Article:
Sometimes a memento only reminds you how little you know someone. Such a thing happened to me when I came to possess my Grandpa Herman’s high school autograph book from 1924.

Paths of Hate (Damian Nenow; 10 min., Poland)
A short tale about the demons that slumber deep in the human soul and have the power to push people into the abyss of blind hate, fury and rage.

Polo’s Robot (Peter Lowey; 9 min.)
In a strange land, an inventor builds a robot that will bring his nightmares to life.

Sketchi (Lily Sun; 3 min., Canada)
A girl struggles to revive her beloved dead dog.

The Man Who Shot The Man Who Shot Lincoln (Drew Christie; 5 min., U.S.A., 2010)
Animated in charcoal and pastels in the pages of 13 paperback books, The Man Who Shot The Man Who Shot Lincoln is a look into the strange and bizarre true life of Boston Corbett, assassin of John Wilkes Booth.

The Renter (Jason Carpenter; 10 min., U.S.A., 2011)
Amongst fields of weeds and rotting pears, a young boy is dropped off at an elderly woman’s home for the day.

The Wonder Hospital (Beomsik Shimbe Shim; 8 min.)
In a mysterious hospital, modification of physical beauty is not what you would expect.

ATLFF11 tickets are now on sale. To browse the lineup, visit http://atlanta.slated.com/2011.

Animation Block Party 2011 open for submissions

Animation Block

Animation Block

Animation Block Party, the largest animation festival on the East Coast, is open for submissions until May 27.

The eighth annual Animation Block Party will run from July 29 to 31 at Rooftop Films and Bam Cinematek, only in Brooklyn, New York. Animation Block Party is dedicated to screening the world’s best professional, student and independent work of all genres.

ABP 2011 opens Friday, July 29 at Rooftop Films, with live music, followed by an outdoor simulcast screening of world premieres, international cartoons, exceptional student films and fan-friendly shorts.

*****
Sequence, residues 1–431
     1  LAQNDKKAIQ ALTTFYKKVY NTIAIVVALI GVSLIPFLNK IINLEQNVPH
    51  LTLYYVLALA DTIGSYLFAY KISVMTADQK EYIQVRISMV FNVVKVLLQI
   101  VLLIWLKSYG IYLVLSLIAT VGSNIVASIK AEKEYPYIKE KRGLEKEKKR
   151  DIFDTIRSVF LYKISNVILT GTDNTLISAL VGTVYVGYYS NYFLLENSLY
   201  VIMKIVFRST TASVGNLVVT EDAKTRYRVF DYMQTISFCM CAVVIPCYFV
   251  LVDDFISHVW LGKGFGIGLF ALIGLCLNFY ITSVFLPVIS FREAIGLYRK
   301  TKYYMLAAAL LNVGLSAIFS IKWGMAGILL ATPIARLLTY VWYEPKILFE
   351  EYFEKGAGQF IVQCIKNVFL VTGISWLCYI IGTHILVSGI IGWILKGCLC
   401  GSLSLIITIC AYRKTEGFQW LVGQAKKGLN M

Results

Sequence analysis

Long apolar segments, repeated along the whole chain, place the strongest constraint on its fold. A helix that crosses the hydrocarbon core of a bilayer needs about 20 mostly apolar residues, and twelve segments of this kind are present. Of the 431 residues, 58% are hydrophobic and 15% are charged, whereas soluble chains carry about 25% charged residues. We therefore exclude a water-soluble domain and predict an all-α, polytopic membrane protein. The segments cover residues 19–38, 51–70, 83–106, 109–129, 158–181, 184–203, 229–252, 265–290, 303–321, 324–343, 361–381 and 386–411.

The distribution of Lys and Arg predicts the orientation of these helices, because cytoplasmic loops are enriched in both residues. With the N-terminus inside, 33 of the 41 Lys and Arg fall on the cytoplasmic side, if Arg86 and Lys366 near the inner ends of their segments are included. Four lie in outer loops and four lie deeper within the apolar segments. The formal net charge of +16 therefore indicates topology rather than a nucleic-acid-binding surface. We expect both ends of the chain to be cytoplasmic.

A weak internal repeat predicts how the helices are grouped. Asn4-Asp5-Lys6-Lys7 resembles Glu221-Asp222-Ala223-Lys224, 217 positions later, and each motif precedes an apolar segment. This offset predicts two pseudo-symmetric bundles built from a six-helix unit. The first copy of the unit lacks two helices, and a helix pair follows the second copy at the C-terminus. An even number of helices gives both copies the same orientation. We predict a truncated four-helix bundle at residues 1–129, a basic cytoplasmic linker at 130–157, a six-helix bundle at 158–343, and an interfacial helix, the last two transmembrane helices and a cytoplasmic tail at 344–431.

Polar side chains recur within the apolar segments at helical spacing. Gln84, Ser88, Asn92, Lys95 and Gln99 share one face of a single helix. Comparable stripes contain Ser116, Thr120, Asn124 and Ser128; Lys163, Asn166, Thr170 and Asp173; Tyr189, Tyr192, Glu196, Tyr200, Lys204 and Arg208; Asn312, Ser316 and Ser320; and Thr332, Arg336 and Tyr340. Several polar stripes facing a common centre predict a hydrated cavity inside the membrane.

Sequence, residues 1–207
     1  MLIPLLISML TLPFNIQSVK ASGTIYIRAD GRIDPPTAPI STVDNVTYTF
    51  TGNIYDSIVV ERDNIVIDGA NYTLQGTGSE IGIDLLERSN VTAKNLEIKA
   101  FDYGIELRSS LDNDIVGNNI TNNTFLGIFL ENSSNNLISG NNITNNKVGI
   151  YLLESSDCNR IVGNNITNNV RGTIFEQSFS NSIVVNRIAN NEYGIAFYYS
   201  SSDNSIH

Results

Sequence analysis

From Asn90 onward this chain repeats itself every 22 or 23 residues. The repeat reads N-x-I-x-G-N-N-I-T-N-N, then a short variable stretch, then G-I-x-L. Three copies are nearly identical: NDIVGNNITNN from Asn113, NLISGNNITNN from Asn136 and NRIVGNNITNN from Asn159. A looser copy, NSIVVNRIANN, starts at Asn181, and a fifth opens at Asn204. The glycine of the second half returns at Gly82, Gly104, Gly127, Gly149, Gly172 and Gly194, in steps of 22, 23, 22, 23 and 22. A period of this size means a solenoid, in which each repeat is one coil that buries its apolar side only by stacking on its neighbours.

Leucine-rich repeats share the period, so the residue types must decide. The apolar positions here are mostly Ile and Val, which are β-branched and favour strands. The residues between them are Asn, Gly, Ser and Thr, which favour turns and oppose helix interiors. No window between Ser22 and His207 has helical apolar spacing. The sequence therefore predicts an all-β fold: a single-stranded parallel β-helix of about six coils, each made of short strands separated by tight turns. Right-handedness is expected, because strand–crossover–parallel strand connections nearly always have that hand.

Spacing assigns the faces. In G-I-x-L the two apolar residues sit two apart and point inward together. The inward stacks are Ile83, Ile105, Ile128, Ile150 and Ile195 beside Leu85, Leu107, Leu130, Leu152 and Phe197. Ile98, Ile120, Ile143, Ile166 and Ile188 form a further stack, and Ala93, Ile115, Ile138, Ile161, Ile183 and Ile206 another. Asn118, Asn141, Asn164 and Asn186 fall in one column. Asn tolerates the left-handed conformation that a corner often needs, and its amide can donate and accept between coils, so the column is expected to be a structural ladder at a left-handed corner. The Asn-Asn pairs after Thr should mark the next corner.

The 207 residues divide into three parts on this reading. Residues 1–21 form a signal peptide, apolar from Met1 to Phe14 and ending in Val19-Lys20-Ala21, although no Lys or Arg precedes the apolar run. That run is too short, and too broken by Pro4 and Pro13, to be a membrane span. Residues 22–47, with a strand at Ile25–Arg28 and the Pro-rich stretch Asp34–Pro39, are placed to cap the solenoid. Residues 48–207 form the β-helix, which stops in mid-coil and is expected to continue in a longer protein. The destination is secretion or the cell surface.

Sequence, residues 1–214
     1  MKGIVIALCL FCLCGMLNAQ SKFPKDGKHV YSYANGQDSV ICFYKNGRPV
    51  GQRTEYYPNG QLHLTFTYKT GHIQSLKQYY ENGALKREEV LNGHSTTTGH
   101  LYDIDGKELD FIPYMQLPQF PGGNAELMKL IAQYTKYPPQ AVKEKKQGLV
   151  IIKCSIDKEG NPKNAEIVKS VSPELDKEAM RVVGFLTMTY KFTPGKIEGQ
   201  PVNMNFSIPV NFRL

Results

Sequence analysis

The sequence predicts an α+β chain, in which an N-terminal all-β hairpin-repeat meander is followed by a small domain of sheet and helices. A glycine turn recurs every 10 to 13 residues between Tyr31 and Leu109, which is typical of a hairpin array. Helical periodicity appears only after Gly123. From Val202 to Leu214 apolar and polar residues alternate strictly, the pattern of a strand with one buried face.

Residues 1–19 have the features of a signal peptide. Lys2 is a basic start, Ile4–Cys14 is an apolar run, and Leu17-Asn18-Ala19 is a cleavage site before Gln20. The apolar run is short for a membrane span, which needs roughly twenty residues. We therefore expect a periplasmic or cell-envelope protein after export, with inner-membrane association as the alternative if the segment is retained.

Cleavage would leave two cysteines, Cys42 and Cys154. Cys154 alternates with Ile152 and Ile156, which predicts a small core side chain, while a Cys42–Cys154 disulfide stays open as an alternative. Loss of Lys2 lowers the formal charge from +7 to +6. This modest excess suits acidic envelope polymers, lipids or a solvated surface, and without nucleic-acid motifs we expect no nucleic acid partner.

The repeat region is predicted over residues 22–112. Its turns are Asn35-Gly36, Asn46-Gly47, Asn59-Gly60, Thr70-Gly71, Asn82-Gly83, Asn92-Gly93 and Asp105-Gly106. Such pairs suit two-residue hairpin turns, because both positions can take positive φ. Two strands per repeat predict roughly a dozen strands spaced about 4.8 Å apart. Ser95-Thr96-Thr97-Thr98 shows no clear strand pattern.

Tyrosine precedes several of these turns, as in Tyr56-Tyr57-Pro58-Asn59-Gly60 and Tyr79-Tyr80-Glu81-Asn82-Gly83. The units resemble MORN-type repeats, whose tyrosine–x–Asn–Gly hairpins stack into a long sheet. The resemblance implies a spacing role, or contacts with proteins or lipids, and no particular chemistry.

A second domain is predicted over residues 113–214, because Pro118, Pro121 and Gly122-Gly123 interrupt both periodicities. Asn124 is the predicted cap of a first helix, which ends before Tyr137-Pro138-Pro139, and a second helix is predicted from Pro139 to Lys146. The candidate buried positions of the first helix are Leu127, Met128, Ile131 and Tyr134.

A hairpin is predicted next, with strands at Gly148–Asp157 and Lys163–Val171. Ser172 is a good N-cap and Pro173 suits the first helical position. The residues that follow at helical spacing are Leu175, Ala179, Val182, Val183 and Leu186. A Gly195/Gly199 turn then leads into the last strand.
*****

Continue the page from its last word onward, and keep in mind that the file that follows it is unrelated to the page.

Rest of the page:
Animation Block Party will continue Saturday, July 30 at Bam Cinematek. On Saturday, July 30, ABP will hold its first-ever animation trade show, art gallery exhibition and filmmaker-media brunch at Bam Cinematek.

Trade show attendees will include Animation Mentor, NY Bike Jumble, L-Magazine and Green Mountain Energy and many more. The ABP gallery exhibition will feature content from legendary artists such as Doug Crane and Howard Beckerman, alongside work from the newest animation talent.

ABP 2011 at BAM Cinematek will feature five individual programs, each screening twice.

A special Animation for Kids Program will screen at noon Saturday and Sunday. The Animation for Kids Program at ABP will highlight animated shorts for children from across the globe.

On July 30, Program One (2 and 6:50 p.m.) will feature experimental animation, fresh music videos and subversive design works, while Program Two (4:30 and 9:15 p.m.) will showcase signature student films, professional content and narrative shorts.

On July 31, Program Three (2 and 6:50 p.m.) will feature award-winning independent shorts, studio animation and other standout works, while Program Four (4:30 and 9:15 p.m.) will mix global films with New York premieres and local animations.